The court notes that as to the negligence claim, Plaintiffs request relief "exceeding the jurisdictional minimum of [state] court" (Doc. # 1 (Compl. at 3)); this request, however, is not sufficient to establish, nor is it specific as to, the minimum requirement for federal diversity jurisdiction. See Ala. Code § 12-11-30(1) (providing that Alabama circuit courts have exclusive jurisdiction over civil actions where the matter in controversy exceeds $10,000 and concurrent jurisdiction with Alabama district courts where the matter in controversy is between $3,000 and $10,000).
I I I . DISCUSSION A s grounds for their Motion to Remand, Plaintiffs challenge the propriety of the re m o v a l, asserting that diversity of parties is lacking and the jurisdictional amount in c o n tro v e rsy requirement is not met. Federal district courts may exercise diversity
ju ris d ic tio n over cases involving citizens of different states where the amount in controversy, ex clus ive of interest and costs, exceeds $75,000. 28 U.S.C. §§ 1332(a)-1332(b). P lain tiffs argue that the Estate fails to demonstrate that both the amount in c o n tro v e rs y and diversity of citizenship requirements are satisfied. (Doc. # 3 at 1-2.) T h e issue at this stage is the propriety of the removal. A defendant may base removal ju ris d ic tio n either (1) on "an initial pleading" or (2) at a later time, on "`an amended p le a d in g , motion, order or other paper.'" Lowery v. Ala. Power Co., 483 F.3d 1184, 1212 (1 1 th Cir. 2007) (citing 28 U.S.C. § 1446(b)), cert. denied, 128 S. Ct. 2877 (2008). In the s e c o n d scenario, the amended pleading, motion or other paper must have been "received" by th e defendant from the plaintiff. Id. at 1213 n.63. If a plaintiff's challenge to a diversity-based removal is timely, the court is limited to reviewing the documents presented at the time of removal. Id. at 1213-14 (citing 28 U .S .C . § 1447(c)). Moreover, when the complaint alleges unspecified damages, the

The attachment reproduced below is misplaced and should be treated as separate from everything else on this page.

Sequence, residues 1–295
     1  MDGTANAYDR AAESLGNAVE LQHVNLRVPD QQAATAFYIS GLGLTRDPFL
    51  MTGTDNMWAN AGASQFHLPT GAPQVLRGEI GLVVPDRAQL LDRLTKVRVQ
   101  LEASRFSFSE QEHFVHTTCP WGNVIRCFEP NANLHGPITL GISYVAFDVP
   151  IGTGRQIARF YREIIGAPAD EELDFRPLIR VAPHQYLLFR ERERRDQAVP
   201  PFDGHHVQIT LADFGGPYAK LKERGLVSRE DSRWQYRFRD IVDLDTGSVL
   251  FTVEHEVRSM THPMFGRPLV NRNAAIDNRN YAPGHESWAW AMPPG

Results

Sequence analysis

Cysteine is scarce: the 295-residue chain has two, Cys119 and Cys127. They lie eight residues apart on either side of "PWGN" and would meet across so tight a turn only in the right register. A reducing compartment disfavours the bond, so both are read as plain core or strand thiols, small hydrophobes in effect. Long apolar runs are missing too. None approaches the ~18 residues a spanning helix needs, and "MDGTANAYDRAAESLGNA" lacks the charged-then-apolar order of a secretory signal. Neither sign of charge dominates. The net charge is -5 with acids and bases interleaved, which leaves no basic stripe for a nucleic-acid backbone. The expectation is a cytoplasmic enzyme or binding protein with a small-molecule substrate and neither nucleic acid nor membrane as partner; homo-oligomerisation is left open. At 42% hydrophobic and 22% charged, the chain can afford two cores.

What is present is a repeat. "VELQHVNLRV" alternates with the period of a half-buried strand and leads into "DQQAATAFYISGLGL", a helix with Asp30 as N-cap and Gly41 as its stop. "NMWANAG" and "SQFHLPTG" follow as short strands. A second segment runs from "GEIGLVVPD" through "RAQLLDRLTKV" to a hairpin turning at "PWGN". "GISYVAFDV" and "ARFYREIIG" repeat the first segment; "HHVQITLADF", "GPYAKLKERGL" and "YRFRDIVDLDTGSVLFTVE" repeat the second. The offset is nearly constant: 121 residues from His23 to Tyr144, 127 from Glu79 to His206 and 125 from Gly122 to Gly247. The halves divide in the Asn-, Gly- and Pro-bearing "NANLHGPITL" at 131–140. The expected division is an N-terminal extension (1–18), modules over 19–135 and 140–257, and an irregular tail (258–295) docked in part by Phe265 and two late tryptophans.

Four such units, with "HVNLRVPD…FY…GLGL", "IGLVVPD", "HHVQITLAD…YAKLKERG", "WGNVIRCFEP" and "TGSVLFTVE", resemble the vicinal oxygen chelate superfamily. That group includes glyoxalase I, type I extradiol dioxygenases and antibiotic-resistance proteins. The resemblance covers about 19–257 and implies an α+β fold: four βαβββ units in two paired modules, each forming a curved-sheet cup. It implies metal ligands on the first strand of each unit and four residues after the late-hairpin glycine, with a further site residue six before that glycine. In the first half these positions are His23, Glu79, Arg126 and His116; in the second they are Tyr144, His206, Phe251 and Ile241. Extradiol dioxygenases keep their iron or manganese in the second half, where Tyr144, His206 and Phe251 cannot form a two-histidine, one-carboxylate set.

re m o v in g defendant must establish the amount in controversy by a preponderance of the e v id e n c e , id. at 1208, but may not conduct post-removal discovery to do so. Therefore, the c o u r t is strictly tied to the Notice of Removal and its accompanying documents when e x a m in in g its jurisdiction. "[N]either the defendants nor the court may speculate in an 3